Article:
ATLANTA — It was a loss, one of seven he has suffered this season, one of 77 the Nationals collectively have endured in 2015. So Tanner Roark couldn’t exactly be all smiles in the clubhouse at Turner Field after Tuesday night’s 2-1 defeat at the hands of the Braves.
Roark, though, did his share of grinning, and deservedly so. Because his performance — 6 2/3 innings of 2-run, 5-hit ball — was a positive development, a much-needed one for the right-hander in his penultimate appearance of a difficult season.
“Definitely it feels very good,” he said. “Just building my confidence up, knowing I can go deep into games and get into the 100s in pitch count and still perform.”
That’s not something Roark had done in awhile. In four previous starts since rejoining the Nationals’ rotation, he had yet to reach the sixth inning and hadn’t thrown more than 82 pitches. This time, he reached the seventh and totaled 104 pitches.
And he was effective throughout the entire appearance, making only two mistakes along the way: a 1-1 curveball to A.J. Pierzynski in the bottom of the fourth, then a 3-2 fastball to Pierzynski in the bottom of the seventh. The veteran catcher launched both over the fence, accounting for all of Atlanta’s runs on the night.
Roark and the Nationals, though, could take far more positives out of this start than negatives. Perhaps most importantly, he reminded himself he actually can be more effective when he purposely eases up on the gas pedal and doesn’t try to throw as hard as he can.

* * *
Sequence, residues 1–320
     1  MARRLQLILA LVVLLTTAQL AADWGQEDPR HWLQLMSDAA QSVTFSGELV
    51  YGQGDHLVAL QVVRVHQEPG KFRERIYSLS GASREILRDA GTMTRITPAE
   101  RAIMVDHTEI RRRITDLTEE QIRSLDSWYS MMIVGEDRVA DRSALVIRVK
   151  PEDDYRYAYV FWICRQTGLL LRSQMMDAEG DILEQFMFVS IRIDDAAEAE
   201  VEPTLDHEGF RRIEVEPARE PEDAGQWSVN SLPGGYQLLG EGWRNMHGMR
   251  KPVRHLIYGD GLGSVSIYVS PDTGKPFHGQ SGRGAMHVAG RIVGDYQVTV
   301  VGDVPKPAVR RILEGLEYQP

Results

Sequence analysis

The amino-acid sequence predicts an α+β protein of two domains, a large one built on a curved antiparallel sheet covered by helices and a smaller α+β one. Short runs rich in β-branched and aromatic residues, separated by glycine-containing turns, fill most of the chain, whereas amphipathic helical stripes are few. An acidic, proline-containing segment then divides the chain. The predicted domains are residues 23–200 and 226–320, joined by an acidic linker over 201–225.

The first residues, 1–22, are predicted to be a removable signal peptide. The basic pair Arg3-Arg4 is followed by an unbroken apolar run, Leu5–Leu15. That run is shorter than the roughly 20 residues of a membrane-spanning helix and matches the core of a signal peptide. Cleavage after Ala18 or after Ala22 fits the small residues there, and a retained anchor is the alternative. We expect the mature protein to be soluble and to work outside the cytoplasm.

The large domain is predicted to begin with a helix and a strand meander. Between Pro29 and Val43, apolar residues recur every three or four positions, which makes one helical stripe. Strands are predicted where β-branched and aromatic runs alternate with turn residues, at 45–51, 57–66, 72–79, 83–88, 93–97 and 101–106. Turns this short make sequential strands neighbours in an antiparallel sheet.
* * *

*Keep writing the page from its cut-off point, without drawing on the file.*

Throughout the season, much of which he has spent in the bullpen making shorter appearances, Roark has surprised everyone by dialing up his velocity, consistently hitting 95 mph with his fastball for the first time in his career. He has come to realize, though, that he’s not an overpowering pitcher, that he’s better off not throwing as hard but getting more movement and locating better down in the zone.
“Yeah, it showed tonight,” he said. “There were a couple pitches I let loose. But for the most part, I was just trying to hit my spot and stay down in the zone.
“Coming out of the bullpen for an inning or whatever, you feel great … for the most part. And you have a little extra 1-2 mph to your fastball. Of course you see that and it kind of tricks you into thinking, ‘Man, I could blow everything by them.’ But then you lose your location. Letting the ball move, using the sinker more and command down in the zone.”
It was that philosophy — and execution — that allowed Roark to win 15 games and post a 2.85 ERA as a full-time starter last season. Shuttling back and forth between roles this year, he perhaps lost his way, trying to be something he was not.
Perhaps this extended stint back in the rotation, where he wanted to be all along, could help Roark rediscover himself and head into the offseason feeling much better about his place within the organization.
“That’s his comfort zone, certainly,” manager Matt Williams said. “The way we stacked coming out of spring training, he was unfortunately in the bullpen. That’s a good thing for our team as a whole. But it doesn’t allow him to feel that rhythm as much. When he gets a chance to start, he feels it more.”
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